could you multiply the 7 and the bit your trying to integrate by 2 to get

14 S cos(33x) + (cos(33x)*cos(66x))

which doesnt seem equivalent to

7/2 S cos(33x) + (cos(33x) + cos(66x))

so my hunch is no, but why is that the case, since you can pull out a constant of the integral why can't you multiply in a constant?
Well,you must understand that when you multiply with 2 the expression becomes 14/4cos(33x)+(cos33x * cos66x).Actually when you "pull out a constant "its already there,which doesn't effect the equality (of the expression) but when you multiply with a constant you must also divide the same constant in order to preserve equality.
Hope that helps
Am I correct in assuming instead of using e^ln2 we could have just multiplied the integral by 1/2 and then multiplied it by e, to make 2 into e, and put an "2*(1/e)" on the outside to distribute back in at the end?
Also in this problem, couldn't you just have found the integral of 2^u which is just 2^u/(ln2)? Or is that incorrect?
Nope that's totally fine if you've memorized that the integral of b^x is (b^x)/ln(b). However it does pay to understand the math behind why that's true. The trick of writing b^x as e^(xlnb) is what derives that formula (and what Sal does in the video for b = 2), but that trick is used all the time in mathematics, not just for this specific family of integral.
What is the antiderivative of something like 2^x? Is it just 2^x/(ln2)?
2^x=e^(ln(2^x))
=> e^(x*ln(2))
Derive => e^(x*ln(2)) * d/dx (x*ln(2))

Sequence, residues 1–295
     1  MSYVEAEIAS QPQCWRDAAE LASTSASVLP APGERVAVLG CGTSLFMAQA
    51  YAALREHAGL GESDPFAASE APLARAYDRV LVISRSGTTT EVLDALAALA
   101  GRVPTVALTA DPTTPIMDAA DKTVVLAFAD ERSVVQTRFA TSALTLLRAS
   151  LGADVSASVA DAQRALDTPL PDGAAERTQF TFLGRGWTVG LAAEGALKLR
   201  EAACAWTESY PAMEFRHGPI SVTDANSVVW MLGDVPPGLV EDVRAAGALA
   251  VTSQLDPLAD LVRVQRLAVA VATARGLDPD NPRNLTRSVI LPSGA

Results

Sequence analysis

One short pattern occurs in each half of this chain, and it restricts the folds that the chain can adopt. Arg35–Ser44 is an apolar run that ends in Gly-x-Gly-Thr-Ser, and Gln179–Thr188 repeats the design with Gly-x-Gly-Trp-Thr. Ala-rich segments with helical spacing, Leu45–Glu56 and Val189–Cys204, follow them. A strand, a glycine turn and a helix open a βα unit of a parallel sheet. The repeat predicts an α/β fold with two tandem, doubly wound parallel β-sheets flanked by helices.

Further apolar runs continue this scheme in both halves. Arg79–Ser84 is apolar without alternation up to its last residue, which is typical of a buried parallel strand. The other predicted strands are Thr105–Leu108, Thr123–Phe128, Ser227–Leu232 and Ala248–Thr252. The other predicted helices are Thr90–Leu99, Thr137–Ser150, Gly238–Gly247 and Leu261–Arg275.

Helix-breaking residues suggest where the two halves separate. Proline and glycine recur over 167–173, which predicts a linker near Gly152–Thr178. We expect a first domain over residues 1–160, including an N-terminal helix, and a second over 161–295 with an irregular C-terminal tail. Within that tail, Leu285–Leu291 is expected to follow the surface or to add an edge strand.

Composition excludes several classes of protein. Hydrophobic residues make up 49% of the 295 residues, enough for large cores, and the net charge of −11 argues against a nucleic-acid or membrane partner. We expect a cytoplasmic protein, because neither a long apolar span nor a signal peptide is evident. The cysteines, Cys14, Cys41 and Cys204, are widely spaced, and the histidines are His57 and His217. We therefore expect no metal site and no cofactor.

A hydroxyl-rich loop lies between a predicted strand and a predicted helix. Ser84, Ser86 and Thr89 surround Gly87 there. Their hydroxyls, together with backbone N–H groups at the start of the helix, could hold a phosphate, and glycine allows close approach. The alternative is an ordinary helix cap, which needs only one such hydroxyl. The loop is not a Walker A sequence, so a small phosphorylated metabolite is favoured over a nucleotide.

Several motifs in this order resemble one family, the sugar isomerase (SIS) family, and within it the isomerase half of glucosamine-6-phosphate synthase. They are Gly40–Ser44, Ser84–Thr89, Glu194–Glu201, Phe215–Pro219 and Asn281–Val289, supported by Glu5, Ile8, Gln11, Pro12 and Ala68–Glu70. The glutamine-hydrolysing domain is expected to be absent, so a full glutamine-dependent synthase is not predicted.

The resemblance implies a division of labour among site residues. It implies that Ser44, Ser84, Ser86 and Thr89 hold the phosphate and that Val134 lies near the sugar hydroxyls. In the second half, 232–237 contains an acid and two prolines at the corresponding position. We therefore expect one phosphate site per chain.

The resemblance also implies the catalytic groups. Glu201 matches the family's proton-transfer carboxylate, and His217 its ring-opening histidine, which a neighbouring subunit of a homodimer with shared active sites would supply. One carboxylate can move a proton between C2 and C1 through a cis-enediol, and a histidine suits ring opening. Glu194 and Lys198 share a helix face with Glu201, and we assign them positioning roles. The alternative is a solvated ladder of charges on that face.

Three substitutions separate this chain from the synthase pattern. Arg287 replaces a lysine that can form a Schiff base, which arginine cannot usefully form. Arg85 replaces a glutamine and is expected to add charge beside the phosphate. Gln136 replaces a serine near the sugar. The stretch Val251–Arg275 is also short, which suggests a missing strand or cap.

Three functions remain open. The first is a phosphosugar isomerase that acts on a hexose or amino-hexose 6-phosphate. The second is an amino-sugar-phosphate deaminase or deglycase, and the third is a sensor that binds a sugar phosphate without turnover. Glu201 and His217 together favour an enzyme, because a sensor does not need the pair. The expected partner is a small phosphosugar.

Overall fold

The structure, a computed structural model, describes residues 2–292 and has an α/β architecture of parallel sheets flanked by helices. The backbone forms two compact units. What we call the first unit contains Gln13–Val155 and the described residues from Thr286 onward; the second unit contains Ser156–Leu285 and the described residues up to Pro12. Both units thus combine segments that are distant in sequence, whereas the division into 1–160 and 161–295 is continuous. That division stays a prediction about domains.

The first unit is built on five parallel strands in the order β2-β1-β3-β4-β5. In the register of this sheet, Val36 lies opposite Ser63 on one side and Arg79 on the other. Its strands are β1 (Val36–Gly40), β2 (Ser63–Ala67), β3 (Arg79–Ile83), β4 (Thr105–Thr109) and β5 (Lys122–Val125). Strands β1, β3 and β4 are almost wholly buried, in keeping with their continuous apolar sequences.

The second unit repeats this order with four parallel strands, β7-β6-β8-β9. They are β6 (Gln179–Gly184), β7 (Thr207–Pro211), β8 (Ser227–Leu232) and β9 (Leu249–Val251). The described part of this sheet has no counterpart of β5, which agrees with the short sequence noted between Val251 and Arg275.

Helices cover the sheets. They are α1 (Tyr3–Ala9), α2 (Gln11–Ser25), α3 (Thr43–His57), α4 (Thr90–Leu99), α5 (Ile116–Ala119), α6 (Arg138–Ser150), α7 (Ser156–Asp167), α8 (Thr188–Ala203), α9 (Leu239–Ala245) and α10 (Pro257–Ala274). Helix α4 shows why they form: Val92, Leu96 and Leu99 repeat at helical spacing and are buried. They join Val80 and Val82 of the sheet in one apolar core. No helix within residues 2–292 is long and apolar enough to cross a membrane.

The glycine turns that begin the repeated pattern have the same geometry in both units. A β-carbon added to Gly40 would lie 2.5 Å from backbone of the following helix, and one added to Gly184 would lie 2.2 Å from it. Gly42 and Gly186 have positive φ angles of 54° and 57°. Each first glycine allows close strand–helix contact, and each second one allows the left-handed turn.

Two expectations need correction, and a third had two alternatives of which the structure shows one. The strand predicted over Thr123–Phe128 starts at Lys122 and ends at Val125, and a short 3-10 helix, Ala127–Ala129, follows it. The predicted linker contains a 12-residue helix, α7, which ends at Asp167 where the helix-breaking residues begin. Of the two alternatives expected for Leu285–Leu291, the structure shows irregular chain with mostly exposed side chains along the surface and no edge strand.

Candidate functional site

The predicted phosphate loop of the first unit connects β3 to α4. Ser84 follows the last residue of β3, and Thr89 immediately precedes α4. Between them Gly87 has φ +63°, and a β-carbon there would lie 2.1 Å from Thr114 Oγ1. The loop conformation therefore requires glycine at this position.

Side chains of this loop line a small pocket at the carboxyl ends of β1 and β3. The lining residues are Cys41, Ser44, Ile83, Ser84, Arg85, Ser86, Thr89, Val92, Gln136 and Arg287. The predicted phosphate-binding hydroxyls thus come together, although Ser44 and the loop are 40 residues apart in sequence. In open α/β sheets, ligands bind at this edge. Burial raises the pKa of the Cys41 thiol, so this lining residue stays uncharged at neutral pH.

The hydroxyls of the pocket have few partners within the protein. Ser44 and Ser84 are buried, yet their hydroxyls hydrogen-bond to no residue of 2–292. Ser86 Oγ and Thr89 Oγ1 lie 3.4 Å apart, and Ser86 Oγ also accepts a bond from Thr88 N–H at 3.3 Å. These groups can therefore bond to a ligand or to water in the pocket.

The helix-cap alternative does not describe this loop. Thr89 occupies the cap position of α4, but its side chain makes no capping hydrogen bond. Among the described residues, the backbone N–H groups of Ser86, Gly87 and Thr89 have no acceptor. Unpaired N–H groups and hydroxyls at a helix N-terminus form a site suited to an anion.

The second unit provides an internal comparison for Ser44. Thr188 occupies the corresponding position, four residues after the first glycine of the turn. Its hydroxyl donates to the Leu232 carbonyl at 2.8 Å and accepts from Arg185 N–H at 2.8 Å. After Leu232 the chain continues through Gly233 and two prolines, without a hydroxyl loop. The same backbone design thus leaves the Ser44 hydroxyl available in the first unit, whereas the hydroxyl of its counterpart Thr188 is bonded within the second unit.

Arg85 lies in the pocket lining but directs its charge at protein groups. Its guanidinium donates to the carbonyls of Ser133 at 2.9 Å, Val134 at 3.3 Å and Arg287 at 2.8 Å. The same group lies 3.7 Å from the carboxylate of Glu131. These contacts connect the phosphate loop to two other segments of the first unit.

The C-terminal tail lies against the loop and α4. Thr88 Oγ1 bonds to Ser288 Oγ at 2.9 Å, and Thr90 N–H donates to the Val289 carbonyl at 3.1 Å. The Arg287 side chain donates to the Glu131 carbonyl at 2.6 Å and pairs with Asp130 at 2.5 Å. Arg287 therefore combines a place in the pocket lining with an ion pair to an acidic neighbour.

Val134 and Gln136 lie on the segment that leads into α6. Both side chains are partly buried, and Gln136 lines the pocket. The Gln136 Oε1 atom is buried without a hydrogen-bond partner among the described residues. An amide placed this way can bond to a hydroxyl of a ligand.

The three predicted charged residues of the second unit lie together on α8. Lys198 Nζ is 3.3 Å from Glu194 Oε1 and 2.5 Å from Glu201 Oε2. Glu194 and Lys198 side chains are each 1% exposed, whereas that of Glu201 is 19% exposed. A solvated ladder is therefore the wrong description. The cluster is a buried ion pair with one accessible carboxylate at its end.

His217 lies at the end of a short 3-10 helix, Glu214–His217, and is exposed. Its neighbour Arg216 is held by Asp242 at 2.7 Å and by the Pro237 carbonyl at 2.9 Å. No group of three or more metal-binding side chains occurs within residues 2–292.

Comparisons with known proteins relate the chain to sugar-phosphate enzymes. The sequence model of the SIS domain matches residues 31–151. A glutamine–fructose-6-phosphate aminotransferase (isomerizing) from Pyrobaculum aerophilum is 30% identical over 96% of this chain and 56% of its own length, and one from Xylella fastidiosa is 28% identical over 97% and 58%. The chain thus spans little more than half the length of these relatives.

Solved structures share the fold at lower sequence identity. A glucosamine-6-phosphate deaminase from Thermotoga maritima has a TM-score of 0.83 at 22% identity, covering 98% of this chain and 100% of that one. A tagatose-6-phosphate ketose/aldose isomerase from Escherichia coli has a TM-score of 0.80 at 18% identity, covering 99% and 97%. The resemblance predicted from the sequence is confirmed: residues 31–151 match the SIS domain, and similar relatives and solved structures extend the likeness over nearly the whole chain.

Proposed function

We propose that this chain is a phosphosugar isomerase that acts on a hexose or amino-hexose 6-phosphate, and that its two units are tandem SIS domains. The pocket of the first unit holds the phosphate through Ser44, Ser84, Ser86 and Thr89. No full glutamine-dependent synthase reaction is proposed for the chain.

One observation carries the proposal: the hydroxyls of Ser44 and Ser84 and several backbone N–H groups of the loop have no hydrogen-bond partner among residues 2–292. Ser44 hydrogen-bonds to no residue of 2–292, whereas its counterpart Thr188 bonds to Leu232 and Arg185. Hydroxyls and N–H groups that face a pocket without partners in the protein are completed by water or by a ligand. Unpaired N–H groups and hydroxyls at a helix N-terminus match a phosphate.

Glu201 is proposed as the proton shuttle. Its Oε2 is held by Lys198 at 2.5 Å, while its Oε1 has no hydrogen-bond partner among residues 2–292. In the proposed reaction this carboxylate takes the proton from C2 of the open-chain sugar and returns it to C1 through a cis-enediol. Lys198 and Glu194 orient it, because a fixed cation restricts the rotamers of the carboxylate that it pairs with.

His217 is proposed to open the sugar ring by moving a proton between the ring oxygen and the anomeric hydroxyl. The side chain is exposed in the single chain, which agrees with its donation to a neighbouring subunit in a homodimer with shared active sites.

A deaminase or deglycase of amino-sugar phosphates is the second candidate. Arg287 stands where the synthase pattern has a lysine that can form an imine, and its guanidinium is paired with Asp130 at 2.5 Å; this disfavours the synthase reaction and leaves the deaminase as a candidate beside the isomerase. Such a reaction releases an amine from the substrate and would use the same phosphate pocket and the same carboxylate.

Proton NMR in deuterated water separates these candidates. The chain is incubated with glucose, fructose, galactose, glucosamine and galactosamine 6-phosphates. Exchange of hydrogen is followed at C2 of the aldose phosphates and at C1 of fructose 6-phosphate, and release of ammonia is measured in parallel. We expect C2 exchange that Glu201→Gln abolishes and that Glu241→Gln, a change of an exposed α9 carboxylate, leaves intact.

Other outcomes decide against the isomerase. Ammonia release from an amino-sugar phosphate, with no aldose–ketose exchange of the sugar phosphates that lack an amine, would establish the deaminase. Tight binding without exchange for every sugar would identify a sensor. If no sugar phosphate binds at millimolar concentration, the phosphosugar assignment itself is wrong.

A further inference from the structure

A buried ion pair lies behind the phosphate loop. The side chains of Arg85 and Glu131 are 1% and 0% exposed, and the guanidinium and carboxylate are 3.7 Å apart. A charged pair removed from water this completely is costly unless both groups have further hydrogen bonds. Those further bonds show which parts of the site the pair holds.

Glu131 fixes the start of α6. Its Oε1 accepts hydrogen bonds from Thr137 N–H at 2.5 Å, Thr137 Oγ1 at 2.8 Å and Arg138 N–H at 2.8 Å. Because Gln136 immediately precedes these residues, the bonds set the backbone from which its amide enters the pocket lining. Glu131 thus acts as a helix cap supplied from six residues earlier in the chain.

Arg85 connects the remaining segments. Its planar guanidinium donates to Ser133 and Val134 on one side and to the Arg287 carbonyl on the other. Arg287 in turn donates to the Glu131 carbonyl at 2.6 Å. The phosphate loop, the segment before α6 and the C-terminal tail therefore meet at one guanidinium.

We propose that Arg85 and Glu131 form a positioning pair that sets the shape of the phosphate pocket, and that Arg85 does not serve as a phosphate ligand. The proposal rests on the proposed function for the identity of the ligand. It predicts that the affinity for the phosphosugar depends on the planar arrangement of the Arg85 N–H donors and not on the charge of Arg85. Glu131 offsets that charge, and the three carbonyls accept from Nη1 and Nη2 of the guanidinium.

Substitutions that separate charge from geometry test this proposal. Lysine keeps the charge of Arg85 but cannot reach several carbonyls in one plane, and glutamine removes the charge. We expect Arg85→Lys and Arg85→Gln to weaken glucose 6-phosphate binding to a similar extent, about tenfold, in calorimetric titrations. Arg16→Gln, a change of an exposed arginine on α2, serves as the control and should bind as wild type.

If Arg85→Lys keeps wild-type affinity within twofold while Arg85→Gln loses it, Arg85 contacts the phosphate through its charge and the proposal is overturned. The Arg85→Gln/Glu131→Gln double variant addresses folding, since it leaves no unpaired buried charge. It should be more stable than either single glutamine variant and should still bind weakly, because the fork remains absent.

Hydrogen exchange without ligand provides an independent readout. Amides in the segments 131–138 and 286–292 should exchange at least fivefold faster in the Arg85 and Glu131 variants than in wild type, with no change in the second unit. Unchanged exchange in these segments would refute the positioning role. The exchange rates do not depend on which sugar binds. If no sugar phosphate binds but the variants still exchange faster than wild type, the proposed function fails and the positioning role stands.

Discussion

=> e^(x*ln(2))*ln(2)
=> 2^x*ln(2).

Since ln(2) is a constant, just divide by it again to get back to the original. The antiderivative is 2^x/(ln(2))+C.
Hi!

I just wanna ask, that why its needed to use the form of the e^ln2? Because already there is a form saying :int a^x dx= (a^x/ln a)+C
can someone please explain why what the logic is in rewriting 2^u to e^ln 2?
Uhhh... I think you missed part. He did not write 2^u as e^ln 2. He wrote it as (e^ln 2)^u, which lets use exponent and log rules to rewite it into a something that has an easy to evaluate item in it: e. Then, once the integral of e is done, he simplifies it back to gets the 2^u/(ln 2).
The yellow one he draws by alnb = lnb^a? That's just showing that the two things are entirely separate, do not mix them.
hey i got another result for the integral:
(x^(ln 2))/(ln 2) + c
and when i plot the function in wolfram alpha it shows the exact same function as when I plot
sal's result!! Did anyone else got the same result?
Couldn't you just notice that d/dx 2^ln x= (ln(2)*2^ln(x))/x and correct for the ln(2) to get the antiderivative of (2^ln(x))/x is (2^ln x)/ln(2)?(and to stave off some pointless comments, ln(2)is a constant.)